This point is emphasized in UNSCR 1701 which reiterates the fact that previous UNSC resolutions have already "required" the disarmament of "all armed groups in Lebanon" - of which, I am sure you will agree, Hezbollah is one.
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shaayecanaan Donating Member (1000+ posts) Send PM | Profile | Ignore Thu Aug-12-10 08:34 PM
Response to Reply #30
31. You're quoting Wikipedia, not the UN resolution...
the official text of UNSCR 1701 is listed here on the Security Council web site. For some reason sometimes they don't allow direct linking to these documents, but if you have any trouble you can access it by going through their homepage:-

http://daccess-dds-ny.un.org/doc/UNDOC/GEN/N06/465/03/P...

To reiterate, the text states as follows:-

Emphasizes the importance of the extension of the control of the Government of Lebanon over all Lebanese territory in accordance with the provisions of resolution 1559 (2004) and resolution 1680 (2006), and of the relevant provisions of the Taif Accords, for it to exercise its full sovereignty, so that there will be no weapons without the consent of the Government of Lebanon and no authority other than that of the Government of Lebanon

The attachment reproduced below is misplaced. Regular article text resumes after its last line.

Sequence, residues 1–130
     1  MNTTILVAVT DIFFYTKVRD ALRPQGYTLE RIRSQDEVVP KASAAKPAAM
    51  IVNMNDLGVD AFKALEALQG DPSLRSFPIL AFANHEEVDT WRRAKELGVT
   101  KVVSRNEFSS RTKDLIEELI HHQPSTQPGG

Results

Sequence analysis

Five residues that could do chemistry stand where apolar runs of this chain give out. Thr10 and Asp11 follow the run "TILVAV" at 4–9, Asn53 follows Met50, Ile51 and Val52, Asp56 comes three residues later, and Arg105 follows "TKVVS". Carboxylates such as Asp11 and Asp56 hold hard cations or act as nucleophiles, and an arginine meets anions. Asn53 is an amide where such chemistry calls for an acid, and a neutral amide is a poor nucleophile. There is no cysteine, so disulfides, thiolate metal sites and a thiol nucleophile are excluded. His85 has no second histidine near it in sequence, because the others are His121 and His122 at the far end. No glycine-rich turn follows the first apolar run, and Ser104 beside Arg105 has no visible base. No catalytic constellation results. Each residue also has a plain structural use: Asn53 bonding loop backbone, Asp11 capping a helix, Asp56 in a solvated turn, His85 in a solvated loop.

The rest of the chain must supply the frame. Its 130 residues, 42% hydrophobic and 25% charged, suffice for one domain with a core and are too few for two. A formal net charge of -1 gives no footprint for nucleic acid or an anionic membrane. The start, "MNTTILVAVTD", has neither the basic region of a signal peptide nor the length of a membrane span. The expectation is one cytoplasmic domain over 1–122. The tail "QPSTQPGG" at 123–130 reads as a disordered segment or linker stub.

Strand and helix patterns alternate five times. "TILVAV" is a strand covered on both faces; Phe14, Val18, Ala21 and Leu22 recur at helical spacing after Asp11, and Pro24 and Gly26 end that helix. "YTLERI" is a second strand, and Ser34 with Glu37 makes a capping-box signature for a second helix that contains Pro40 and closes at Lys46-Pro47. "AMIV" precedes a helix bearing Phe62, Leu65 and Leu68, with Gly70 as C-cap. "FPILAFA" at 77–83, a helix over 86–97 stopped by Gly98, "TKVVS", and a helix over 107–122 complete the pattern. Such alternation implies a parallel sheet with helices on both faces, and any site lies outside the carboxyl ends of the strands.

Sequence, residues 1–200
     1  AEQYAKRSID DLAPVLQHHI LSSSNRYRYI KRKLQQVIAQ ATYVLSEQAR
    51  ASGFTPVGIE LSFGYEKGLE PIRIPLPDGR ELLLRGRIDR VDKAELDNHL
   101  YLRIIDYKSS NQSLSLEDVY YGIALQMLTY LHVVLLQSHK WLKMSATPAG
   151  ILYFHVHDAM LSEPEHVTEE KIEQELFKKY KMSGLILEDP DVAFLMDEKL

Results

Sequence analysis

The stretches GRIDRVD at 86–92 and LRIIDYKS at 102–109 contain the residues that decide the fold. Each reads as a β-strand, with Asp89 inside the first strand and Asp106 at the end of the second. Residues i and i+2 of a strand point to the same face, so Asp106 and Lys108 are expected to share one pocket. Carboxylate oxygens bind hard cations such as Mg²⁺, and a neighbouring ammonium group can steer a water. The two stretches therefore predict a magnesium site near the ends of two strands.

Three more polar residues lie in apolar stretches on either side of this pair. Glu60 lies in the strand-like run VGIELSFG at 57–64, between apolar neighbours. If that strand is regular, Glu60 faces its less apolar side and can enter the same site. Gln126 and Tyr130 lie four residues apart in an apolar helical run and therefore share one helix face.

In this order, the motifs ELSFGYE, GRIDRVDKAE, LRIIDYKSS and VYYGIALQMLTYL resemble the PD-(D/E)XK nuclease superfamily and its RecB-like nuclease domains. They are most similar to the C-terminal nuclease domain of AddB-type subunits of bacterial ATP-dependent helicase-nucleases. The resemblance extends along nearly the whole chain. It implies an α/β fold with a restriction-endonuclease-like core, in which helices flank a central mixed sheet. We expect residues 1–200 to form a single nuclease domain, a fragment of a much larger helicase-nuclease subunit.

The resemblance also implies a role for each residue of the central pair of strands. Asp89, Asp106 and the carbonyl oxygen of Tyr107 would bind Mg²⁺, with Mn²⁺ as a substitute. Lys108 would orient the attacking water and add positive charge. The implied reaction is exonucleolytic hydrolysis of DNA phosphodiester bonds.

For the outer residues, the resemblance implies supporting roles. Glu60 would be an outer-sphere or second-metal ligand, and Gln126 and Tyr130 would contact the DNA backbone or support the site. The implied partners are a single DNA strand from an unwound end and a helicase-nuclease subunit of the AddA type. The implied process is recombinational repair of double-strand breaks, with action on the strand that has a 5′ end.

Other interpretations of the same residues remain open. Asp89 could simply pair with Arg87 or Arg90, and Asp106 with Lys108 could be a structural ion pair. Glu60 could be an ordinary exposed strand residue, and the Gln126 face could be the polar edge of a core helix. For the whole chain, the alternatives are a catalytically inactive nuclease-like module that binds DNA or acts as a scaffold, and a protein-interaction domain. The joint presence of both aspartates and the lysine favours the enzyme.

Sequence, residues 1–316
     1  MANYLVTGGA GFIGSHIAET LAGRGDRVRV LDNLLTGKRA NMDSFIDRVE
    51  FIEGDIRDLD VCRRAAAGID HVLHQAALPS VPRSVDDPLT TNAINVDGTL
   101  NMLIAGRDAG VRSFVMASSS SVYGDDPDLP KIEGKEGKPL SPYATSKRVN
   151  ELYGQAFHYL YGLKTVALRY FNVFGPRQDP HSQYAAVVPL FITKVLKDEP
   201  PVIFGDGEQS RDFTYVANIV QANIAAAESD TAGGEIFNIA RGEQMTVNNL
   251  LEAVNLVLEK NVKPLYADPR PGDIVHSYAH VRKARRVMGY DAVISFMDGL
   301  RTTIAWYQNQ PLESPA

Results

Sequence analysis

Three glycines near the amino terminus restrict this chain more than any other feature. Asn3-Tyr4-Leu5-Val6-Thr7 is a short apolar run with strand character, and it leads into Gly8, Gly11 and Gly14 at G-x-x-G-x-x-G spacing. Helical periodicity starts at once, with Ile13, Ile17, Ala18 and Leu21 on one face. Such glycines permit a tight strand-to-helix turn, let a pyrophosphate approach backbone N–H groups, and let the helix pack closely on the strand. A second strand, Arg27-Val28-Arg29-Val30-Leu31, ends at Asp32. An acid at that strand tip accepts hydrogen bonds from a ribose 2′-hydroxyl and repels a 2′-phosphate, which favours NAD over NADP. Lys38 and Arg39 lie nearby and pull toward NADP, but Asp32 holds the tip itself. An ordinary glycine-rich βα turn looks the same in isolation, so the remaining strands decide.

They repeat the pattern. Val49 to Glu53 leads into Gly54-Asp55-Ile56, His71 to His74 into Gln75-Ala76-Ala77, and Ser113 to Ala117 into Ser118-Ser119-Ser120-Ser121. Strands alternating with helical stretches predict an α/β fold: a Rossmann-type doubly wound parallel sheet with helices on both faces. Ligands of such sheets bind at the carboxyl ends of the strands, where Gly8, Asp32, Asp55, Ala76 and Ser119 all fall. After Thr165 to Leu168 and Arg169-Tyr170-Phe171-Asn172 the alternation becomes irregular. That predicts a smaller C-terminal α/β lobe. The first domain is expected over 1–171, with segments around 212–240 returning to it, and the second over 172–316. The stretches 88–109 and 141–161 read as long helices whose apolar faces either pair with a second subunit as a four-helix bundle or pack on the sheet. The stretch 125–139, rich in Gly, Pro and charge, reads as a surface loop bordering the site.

There is no mention of Hezbollah being illegal, and as I said before the Taif accord does not require it to disarm. The statement that UNSCR 1701 prescribes Hezbollah is illegal is therefore false.

You will note that Israel remains in breach of UNSCR 1701 by staging overflights of Lebanon. No doubt Israel's excuse is that while Hezbollah remains in breach of the resolution Israel is under no obligation to observe it either. Of course, Hezbollah's excuse is that while the Sunni and Druze militiae remain armed Hezbollah is likewise under no obligation to disarm in accordance with UNSCR 1559.

Furthermore, Israel remains also in breach of several other UN resolutions in relation to East Jerusalem, the Golan Heights and the West Bank. However illegal you claim Hezbollah to be, it seems that the IDF has much more illegality to worry about.
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oberliner Donating Member (1000+ posts) Send PM | Profile | Ignore Thu Aug-12-10 09:02 PM
Response to Reply #31
32. Not true - I am quoting the UN Security Council website
Edited on Thu Aug-12-10 09:05 PM by oberliner